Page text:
THIS MONTH'S BULLS EYE FEATURE: Thomas Christian “Chris” Rollins
Fifty-seven year old Thomas Christian “Chris” Rollins of Shamong made his way to South Jersey via Maryland and Atlanta. He has been with Samaritan Healthcare and Hospice since November of 2013, serving as Chief Development Officer.
Rollins grew up in Frederick, Maryland, where he enjoyed hunting with his dad and playing music. His father was a Maryland Circuit Court Judge who also served in Korea in the Army; his mother grew up on a dairy farm and graduated from Goucher College; and his sister practices law in their hometown and is the immediate past Chair of Frederick Memorial Hospital’s Board of Directors.
Rollins is a graduate of Hood College in Frederick where he majored in Communications. He received his MBA from Frostburg State University, part of the University of Maryland system. While living in Atlanta in 1997, he was recruited to South Jersey by Virtua, then West Jersey Health System, and joined Samaritan in 2013, which he proudly notes, cared for over 2,800 hospice patients and their families last year.
Rollins is married to his wife Beth, who he met when both of them worked for the West Jersey Health System. He counts Beth as his favorite person, saying, “In addition to having to put up with the likes of me, she has made me a better person. We make a great team.” Together, they have three daughters, Meghan, Annie and Grace, who are all students- one in middle school, one in high school and one in college, as well as a dog and two cats.
Music still plays a big role in his life. His favorite way to relax is to play his guitars, and if he could have a “do-over” in life, it would be to “stick with piano and learn to sight read music.”
Rollins’ business philosophy is direct: “Guard your personal and professional integrity”. His personal motto is “Be reliable, trustworthy, respectful and kind”. It is fitting, then, that he measures success by the “character and accomplishments” of his children.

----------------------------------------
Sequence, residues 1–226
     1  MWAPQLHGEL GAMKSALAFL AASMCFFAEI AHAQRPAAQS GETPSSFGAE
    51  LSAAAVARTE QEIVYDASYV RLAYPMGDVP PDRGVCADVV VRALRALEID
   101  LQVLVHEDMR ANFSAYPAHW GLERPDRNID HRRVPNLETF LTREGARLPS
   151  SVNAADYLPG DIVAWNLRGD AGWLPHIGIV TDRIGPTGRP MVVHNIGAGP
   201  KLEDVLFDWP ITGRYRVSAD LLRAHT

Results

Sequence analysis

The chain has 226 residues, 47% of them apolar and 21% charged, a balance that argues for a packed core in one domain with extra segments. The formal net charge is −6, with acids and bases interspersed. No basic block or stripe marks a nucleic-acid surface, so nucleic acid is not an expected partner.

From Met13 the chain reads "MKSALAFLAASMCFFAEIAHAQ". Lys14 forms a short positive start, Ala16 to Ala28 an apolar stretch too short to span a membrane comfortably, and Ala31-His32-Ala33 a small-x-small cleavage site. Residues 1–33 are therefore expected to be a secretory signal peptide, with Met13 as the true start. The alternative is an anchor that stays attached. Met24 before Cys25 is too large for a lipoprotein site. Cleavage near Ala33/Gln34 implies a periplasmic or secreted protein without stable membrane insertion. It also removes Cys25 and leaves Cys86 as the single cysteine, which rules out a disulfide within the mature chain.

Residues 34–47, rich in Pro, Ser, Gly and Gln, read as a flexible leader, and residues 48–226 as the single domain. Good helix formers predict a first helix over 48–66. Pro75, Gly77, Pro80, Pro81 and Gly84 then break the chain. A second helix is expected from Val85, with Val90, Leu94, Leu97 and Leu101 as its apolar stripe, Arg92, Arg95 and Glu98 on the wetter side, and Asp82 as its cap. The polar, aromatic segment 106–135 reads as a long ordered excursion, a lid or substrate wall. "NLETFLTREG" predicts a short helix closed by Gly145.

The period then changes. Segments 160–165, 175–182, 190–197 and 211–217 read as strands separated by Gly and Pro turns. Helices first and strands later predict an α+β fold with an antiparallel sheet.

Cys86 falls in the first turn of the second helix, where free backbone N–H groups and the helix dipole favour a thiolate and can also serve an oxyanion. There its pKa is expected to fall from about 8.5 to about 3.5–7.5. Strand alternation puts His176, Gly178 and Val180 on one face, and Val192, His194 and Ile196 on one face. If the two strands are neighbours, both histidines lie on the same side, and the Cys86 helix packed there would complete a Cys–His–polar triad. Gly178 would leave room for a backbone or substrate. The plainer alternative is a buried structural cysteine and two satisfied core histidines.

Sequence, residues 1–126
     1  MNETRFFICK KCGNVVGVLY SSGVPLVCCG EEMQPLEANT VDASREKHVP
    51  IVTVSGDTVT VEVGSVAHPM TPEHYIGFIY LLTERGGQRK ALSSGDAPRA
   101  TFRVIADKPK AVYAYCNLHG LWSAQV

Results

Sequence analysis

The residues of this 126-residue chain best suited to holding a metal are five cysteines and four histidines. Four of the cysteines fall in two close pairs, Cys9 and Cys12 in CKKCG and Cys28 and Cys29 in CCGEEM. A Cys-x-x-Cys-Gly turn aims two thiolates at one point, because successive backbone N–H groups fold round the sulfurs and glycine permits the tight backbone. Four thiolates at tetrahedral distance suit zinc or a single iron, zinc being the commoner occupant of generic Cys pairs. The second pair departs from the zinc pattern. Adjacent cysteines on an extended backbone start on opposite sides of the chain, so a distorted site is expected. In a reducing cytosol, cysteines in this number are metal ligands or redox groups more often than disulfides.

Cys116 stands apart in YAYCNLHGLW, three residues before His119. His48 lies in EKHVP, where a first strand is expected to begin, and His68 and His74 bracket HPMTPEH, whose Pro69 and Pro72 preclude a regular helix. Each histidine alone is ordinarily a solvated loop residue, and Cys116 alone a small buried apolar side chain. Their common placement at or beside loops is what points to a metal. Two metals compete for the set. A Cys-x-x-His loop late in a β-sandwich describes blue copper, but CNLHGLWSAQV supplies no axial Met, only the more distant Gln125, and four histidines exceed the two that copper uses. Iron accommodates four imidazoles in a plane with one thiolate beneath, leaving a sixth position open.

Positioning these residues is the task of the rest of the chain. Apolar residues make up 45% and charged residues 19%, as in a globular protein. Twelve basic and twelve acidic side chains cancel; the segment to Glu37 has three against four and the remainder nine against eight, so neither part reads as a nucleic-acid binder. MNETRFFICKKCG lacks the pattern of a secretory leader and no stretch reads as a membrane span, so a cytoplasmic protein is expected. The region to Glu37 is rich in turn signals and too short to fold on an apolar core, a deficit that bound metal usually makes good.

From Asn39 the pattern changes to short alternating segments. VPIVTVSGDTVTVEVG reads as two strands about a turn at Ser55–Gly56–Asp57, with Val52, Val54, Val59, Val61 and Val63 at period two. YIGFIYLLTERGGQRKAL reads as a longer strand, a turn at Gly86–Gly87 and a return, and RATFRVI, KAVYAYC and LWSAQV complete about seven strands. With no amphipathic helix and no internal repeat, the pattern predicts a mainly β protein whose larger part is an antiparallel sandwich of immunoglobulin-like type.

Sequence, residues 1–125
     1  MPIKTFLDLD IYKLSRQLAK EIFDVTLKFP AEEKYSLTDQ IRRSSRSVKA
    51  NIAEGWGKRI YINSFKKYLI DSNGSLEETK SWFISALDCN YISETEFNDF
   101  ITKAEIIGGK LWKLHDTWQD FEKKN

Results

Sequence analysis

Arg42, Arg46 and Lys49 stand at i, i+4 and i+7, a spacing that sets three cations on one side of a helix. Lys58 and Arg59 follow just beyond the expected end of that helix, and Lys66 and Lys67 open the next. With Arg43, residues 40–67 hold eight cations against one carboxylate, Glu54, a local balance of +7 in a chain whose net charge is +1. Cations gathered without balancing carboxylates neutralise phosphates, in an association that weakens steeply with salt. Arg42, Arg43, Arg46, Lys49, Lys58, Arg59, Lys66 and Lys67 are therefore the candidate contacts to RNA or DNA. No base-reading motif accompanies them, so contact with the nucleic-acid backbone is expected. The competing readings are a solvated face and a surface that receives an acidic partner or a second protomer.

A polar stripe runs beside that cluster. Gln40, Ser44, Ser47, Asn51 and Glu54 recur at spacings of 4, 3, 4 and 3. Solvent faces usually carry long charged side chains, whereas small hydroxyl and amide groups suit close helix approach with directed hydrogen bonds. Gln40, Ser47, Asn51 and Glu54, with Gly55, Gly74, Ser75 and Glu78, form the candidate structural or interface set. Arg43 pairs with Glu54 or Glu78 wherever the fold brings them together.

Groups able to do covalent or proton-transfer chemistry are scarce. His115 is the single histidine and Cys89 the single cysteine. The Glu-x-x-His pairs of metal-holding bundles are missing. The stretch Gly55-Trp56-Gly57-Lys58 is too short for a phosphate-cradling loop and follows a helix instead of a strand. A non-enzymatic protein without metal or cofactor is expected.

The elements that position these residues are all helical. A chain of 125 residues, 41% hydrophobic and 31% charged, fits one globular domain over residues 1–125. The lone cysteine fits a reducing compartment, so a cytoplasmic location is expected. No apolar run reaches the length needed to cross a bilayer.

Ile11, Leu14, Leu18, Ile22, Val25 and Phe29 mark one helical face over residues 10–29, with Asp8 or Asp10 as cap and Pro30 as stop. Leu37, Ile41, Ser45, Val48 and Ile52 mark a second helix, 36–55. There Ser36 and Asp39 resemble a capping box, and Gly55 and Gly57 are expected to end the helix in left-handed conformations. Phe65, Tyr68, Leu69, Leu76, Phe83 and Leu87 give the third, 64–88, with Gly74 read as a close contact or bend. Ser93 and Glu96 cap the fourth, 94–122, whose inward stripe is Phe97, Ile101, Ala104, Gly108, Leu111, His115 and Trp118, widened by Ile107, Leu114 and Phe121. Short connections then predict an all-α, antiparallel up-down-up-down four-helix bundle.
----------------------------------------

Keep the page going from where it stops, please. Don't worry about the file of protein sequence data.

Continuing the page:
Self described as honest, respectful and articulate, Rollins says his toughest decision was to leave his role as a chief development officer to begin consulting. “Though I knew it was something I would ultimately have to do at some point, it was difficult to leave a great organization, especially with a young family.”
The most important lesson he has learned in his life and career is “don’t make assumptions about other people.” In addition to his father, he credits Jim Lyons, Founding Principal of Pride Philanthropy, with being his best mentor. “We’ve known each other and worked together well over 25 years,” Rollins remarked. “Over that time, I’ve benefitted from learning fundraising as a volunteer board member, development officer and consultant.”
The honor he is most proud of receiving was the 2010 “Fundraising Executive of the Year” Award given by the South Jersey Association of Fundraising Professionals.
When asked if there was one thing that he could do to change South Jersey, what would it be? He responded “Ensure that the Pinelands are protected forever!”
Finally, Rollins says that his dad is the person he most admires. “His patience and respect for others earned him the trust and admiration of all who knew him.”